Abstract 18746: Variation in Intravenous Inotrope Use for Patients Hospitalized with Heart Failure: Data from Get withthe Guidelines
Background: Data guiding the use of intravenous inotrope agents for patients hospitalized with heart failure (HF) are sparse. Guidelines crudely recommend inotrope use for highly selected patients with decompensated HF, hypotension, and evidence of end-organ hypoperfusion. Real-world patterns of inotrope use are not well characterized.
Methods: We examined inotrope use for patients hospitalized with HF from 2005-2011 and enrolled in the Get With The Guidelines (GWTG-HF) registry. We used hierarchical logistic regression models to estimate risk-standardized hospital-level utilization rates of dobutamine, dopamine and milrinone, adjusting for clinical and demographic factors.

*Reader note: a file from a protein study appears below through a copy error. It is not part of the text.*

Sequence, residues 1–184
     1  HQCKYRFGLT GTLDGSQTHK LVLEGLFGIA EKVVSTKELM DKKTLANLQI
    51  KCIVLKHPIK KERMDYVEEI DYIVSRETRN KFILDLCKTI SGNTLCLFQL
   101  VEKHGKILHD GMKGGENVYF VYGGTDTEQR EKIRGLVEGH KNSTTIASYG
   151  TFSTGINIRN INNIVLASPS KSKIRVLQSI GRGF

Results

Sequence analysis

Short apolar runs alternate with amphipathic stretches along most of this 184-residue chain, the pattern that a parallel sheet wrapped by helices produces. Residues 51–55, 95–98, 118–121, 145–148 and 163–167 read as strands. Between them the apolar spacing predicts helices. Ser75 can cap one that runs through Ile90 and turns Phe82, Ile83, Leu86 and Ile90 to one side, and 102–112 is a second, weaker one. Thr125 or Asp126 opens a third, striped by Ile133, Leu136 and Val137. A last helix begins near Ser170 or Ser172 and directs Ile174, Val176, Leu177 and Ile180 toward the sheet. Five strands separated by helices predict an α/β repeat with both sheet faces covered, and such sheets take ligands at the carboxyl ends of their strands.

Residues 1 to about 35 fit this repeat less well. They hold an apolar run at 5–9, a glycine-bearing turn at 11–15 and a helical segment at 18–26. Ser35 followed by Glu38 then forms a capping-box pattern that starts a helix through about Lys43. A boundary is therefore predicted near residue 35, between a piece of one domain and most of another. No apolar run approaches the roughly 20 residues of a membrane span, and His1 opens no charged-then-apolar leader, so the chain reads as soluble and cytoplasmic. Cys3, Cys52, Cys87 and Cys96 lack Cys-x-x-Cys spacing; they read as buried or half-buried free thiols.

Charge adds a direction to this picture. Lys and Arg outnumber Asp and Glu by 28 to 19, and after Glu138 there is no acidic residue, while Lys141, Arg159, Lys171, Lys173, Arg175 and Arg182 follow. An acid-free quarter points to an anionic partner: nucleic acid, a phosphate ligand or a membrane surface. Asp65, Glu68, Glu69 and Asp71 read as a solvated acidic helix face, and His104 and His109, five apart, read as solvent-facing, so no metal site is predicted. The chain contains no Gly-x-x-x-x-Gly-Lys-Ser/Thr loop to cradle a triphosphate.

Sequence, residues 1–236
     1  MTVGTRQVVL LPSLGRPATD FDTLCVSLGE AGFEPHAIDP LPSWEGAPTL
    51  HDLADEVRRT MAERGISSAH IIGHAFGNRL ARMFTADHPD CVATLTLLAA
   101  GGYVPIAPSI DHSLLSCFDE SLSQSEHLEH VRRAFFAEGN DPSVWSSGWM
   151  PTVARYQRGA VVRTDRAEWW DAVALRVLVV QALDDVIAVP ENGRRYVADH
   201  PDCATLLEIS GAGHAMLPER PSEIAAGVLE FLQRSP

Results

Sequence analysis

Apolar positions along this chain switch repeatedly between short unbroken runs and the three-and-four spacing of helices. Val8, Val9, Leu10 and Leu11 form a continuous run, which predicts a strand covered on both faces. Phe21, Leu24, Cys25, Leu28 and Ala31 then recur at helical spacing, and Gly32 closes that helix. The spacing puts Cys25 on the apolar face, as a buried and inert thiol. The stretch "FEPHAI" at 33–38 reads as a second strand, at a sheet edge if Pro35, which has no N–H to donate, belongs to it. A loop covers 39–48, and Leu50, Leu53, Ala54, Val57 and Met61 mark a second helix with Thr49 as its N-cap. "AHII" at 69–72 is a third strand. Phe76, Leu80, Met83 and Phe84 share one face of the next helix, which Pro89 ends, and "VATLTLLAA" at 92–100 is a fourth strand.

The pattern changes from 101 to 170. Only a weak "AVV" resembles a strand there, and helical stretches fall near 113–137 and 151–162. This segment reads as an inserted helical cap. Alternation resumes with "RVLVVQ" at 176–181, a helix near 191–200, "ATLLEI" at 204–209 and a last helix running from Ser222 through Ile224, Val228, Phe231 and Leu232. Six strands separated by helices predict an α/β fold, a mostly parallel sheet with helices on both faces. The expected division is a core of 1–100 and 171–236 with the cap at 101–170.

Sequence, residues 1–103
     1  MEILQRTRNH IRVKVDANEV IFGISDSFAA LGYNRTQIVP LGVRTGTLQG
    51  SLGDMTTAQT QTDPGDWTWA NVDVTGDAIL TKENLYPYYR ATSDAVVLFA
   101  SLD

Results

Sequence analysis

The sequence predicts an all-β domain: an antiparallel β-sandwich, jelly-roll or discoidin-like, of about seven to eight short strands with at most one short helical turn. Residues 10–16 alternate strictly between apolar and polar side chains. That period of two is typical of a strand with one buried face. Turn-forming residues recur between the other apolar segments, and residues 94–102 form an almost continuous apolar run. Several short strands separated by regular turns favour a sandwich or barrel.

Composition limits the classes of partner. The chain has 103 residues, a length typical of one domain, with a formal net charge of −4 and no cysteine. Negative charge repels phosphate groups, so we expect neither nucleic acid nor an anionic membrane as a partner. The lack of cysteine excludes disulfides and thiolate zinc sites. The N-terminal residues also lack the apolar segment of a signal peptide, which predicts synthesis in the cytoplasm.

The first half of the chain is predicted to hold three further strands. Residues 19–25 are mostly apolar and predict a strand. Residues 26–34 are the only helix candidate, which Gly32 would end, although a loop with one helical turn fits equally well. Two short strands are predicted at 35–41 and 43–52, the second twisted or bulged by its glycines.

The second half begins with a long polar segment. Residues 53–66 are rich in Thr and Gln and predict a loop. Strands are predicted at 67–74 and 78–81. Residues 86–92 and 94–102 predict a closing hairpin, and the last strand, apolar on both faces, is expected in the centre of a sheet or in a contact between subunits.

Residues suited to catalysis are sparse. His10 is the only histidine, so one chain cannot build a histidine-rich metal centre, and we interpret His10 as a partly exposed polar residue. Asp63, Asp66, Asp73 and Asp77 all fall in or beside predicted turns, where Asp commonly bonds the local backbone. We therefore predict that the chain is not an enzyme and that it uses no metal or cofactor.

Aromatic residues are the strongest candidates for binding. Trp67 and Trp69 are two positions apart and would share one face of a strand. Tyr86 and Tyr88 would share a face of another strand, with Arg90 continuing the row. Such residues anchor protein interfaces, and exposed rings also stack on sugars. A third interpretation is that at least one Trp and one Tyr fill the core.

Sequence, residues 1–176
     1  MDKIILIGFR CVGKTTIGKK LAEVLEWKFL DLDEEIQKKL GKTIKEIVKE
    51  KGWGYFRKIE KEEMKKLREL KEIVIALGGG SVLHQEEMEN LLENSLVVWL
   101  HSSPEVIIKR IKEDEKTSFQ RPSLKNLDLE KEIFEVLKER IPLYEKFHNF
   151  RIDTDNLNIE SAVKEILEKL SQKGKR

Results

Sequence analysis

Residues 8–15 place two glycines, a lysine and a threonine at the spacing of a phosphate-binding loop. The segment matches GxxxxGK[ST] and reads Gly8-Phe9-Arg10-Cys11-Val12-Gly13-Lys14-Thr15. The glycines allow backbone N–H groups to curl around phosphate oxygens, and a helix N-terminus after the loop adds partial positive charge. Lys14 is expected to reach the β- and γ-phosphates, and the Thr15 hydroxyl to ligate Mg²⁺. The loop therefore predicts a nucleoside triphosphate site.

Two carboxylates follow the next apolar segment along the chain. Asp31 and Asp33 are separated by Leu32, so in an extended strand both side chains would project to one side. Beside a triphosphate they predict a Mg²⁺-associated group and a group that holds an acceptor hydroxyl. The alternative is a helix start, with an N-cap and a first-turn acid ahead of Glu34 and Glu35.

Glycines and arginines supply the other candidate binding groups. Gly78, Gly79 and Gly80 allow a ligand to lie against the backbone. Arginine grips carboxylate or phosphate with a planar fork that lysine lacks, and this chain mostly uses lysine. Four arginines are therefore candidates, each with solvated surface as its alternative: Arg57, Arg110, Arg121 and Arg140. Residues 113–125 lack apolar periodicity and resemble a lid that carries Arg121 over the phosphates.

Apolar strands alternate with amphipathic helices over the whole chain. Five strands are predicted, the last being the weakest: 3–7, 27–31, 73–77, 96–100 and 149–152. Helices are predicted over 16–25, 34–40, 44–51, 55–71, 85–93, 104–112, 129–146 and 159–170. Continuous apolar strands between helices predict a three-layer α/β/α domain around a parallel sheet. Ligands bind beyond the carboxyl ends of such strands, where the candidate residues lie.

Results: Overall, 7,909 of 130,224 (6.1%) of HF patients hospitalized at 240 GWTG participating centers received inotrope administration (dobutamine 44%, dopamine 24%, milrinone 17%, combination 15%). Rates of inotrope use were constant from 2005 to 2011. At the hospital level, risk-standardized institutional rates of inotrope rates use ranged from 0-34% (median 5.1%, 25th-75th percentile 2.0-9.9%, Figure). Hospital region, rural location, size, and academic status were not significantly associated with the use of an inotropic agent.
Conclusion: Inotrope use during hospitalization varied markedly across participating hospitals. This degree of institutional variation, even after accounting for measured differences in case mix, suggests use patterns that are based to a greater degree on individual site propensity than by patient factors. The implications of these markedly different patterns of care are worthy of further investigation .
- © 2012 by American Heart Association, Inc.